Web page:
We have all seen those two types of people, at home and at work. The cleaners vs. the savers. In the office the time you MUST keep things sometimes clashes with the space you have to keep them longer term. Here are some suggestions for how long to keep things, from regulations that vary based on the type of item it is. You can use this to develop your own document retention schedule.
- You are required to keep financial and program records 5 years, but we suggest 7 years. This includes the backup documentation for payments you’ve made.
- If you have any pending complaints or law suits you must keep related information for at least one year after the issue is resolved and all appeals exhausted.
- Anything you use to show delivery of services — I & R logs, Consumer Services Records — should be kept five years; but if you have a consumer data base there is no reason to delete the record.
- Also if you keep electronic records they must be accessible – not just stored. If you are asked to produce the board minutes showing the board approved a key purchase or policy, can you find it?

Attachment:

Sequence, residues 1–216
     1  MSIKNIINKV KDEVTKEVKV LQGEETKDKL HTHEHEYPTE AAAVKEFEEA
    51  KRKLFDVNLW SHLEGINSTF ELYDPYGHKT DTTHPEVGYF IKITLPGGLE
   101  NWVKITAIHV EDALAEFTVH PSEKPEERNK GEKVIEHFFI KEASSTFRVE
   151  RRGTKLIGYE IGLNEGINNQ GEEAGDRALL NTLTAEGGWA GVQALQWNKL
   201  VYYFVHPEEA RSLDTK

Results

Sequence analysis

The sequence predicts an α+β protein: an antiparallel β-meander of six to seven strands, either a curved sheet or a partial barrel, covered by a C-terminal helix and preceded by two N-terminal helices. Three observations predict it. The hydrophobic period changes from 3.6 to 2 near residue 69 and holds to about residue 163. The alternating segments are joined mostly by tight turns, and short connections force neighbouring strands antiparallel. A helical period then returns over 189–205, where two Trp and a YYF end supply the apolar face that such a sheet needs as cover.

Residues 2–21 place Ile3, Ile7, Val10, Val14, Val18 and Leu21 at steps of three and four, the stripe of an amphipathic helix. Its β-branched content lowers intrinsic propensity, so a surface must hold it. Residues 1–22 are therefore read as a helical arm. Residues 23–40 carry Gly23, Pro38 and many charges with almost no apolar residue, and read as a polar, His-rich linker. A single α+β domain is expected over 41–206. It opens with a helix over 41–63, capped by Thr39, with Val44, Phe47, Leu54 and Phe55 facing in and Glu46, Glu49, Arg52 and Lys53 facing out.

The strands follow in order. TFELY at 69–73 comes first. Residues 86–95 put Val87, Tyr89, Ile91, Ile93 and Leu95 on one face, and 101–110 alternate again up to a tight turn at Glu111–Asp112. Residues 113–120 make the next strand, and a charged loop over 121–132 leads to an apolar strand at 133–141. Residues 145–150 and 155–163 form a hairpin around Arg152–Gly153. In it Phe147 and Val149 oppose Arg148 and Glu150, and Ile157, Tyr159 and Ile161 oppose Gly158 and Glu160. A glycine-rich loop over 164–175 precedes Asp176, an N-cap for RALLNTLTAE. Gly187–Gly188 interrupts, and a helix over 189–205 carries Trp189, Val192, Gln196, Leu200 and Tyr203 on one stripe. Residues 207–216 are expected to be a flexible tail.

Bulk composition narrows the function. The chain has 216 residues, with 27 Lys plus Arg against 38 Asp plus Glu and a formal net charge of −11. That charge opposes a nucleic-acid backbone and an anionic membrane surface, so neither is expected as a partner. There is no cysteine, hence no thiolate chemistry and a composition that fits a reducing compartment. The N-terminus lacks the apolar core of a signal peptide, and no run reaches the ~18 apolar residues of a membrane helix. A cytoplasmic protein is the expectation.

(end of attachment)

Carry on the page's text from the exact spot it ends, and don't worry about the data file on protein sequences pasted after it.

- We suggest you keep all your original organizational documents – Articles of Incorporation, Bylaws (each change), 501(c)3 letter from IRS, 990 forms, and anything of historical value when you hit your 40th Anniversary as a Center.
- Board meeting minutes with handouts going back 5 years including E.D. Evaluations or other decisions that happened in executive session. (If you aren’t confirming executive session decisions in the open meetings you should address that.)
- Keep another two years of minutes only, without all the handouts.
- Broken or obsolete equipment can be discarded — you just need to keep track of how you have disposed of it.